small figure standing uncertainly in the rain and the gray mist.
"Gin! I knew you'd come back! Oh I knew you wouldn't leave me forever!"
"Don't come any closer, mommy!" Gin said. "Please!"
'Oh, Gin—let me hold you, just once!" Gin shook her head.
"You can't, mommy. But I've got to go now. Tommy's waiting."
The child turned, and with elfin grace glided off into the rain. Julia ran—stumbling often as the wet grass tangled about her feet.
Gin ran too, fled barefooted, with the speed of the wind. In the eerie grayness she seemed part of the silver rain, part of the mist flowing along the tops of the wet grass. Her two short braids, drenched and dark, swung out behind her as she ran. In the milky opacity, another child, barefoot and overalled, raced to her side and joined hands with her.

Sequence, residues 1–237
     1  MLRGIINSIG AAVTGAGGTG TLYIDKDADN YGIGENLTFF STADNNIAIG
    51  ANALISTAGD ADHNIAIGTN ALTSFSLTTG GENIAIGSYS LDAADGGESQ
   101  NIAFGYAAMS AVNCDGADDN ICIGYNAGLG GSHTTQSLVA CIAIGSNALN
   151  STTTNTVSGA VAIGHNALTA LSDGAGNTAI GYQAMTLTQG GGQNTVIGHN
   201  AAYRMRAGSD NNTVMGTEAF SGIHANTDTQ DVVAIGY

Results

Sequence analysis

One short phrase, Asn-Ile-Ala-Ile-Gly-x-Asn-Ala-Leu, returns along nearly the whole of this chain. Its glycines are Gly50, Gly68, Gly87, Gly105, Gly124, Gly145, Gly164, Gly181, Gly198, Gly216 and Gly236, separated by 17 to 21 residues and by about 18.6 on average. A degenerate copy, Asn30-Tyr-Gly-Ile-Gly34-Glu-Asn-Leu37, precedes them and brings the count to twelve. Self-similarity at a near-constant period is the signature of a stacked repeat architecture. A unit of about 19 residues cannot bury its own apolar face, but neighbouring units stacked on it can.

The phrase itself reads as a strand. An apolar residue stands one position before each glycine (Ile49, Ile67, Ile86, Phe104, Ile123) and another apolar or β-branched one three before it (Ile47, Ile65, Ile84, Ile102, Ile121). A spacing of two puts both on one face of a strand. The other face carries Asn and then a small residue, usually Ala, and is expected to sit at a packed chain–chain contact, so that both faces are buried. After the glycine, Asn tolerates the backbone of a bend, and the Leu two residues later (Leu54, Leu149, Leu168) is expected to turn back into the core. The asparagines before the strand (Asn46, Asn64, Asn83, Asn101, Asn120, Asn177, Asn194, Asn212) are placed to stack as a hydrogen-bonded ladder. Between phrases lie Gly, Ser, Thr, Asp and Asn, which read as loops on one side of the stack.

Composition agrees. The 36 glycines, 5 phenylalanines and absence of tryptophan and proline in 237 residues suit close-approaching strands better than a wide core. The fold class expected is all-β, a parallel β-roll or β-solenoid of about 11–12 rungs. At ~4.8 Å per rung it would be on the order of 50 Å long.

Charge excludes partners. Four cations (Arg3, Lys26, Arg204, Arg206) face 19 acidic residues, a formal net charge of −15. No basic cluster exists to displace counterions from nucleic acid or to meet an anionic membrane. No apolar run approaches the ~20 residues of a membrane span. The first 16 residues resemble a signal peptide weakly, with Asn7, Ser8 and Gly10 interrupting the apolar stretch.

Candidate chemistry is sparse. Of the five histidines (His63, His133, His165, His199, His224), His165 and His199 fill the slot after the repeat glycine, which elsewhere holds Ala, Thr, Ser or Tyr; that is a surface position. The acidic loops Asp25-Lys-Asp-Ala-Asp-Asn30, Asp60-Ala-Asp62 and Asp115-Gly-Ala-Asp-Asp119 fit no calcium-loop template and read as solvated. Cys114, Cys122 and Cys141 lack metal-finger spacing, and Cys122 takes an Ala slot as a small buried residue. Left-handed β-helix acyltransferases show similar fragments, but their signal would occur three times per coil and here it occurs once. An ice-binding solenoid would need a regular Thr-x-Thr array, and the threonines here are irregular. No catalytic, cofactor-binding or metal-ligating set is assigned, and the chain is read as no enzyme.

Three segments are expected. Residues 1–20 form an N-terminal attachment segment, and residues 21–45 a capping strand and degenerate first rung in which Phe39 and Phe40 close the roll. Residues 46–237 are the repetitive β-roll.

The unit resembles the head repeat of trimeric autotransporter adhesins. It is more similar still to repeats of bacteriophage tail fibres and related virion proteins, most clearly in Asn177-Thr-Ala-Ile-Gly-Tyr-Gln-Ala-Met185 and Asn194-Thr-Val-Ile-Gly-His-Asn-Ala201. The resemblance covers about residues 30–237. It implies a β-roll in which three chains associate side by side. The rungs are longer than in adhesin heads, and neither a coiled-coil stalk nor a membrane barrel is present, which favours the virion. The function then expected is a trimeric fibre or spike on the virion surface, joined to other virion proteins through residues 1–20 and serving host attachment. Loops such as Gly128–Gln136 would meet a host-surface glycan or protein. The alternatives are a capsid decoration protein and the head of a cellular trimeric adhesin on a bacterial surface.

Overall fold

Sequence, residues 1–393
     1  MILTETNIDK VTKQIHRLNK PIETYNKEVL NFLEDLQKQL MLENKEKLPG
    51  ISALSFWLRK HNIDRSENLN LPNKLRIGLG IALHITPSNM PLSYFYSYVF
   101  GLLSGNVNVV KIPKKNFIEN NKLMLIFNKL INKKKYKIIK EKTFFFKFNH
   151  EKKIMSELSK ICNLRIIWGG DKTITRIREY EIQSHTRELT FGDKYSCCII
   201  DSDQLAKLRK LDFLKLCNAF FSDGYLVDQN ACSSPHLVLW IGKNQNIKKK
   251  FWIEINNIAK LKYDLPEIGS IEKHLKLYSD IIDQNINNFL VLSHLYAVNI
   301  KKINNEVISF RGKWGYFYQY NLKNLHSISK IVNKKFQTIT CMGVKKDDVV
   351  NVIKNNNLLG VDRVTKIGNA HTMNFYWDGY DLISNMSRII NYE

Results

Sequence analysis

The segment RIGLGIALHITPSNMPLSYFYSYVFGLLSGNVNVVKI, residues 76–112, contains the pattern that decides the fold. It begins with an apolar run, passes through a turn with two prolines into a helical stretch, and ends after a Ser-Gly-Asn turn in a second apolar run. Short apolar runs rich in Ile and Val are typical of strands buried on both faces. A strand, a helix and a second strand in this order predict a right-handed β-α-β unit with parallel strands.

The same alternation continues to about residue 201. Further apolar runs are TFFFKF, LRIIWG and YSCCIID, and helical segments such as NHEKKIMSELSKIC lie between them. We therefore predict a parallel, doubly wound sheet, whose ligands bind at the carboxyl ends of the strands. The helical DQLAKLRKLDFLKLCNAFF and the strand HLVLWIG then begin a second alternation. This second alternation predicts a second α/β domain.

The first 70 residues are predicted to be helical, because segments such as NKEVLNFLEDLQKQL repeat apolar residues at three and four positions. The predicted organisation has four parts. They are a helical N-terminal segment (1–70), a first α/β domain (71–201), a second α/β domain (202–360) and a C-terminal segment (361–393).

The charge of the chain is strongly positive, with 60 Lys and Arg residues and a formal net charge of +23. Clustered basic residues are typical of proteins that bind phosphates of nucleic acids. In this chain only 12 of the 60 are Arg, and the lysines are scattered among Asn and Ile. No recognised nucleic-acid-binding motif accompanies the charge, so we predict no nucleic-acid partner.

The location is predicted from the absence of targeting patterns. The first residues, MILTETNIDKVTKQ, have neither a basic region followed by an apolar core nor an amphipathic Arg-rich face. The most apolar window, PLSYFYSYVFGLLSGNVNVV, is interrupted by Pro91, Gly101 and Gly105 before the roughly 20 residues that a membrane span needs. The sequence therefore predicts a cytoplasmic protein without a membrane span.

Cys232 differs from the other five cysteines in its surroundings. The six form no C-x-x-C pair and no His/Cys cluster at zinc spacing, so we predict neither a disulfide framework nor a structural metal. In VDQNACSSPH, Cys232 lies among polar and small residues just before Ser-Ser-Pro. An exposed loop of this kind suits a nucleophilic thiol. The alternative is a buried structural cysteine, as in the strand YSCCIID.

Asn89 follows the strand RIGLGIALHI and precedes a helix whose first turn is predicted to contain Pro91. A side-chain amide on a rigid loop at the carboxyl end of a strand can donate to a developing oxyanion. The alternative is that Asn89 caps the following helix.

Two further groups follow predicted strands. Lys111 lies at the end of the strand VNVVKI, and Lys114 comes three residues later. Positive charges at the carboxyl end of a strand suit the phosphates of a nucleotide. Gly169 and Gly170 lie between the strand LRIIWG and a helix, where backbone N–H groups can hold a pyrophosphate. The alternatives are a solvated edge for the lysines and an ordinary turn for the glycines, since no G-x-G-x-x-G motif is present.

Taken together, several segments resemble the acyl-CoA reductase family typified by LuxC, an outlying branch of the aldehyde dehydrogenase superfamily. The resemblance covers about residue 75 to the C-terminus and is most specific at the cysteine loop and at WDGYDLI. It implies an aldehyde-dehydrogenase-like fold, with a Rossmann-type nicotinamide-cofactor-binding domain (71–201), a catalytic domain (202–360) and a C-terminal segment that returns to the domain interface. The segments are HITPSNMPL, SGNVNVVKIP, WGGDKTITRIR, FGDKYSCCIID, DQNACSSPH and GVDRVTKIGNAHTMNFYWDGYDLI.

"Children—wait! Please!" Julia shrieked.
She ran stumbling through the rain—and always the children, hands clasped, were just a little ahead. She lost them presently—and found, bewildered, that once again he had ventured down the trail to the edge of the pond.
She turned away from the loath sight of the water, gray and pelted with raindrops. Weeping, blinded, she stumbled against a solid body—a pair of arms encircled her.
"Good God, Julia!" Cliff said hoarsely. "What are you trying to do? Come on back—quick now!"
"Virginia," Julia wept. "Earthbound. Unhallowed, for ever and ever."
"I heard you scream," said Cliff. "Saw you running across the field in the rain. I yelled and yelled, but you didn't stop."
Faintly and very far away, a dog began to bark. Julia twisted loose from Cliff's embrace—pointed to the wet earth. Cliff stiffened, his face slowly whitening.
Two sets of tracks—the fresh prints of small, bare feet, led into the pond. Even as they looked, they were already beginning to fade under the pelting drops of the cold, heavy rain.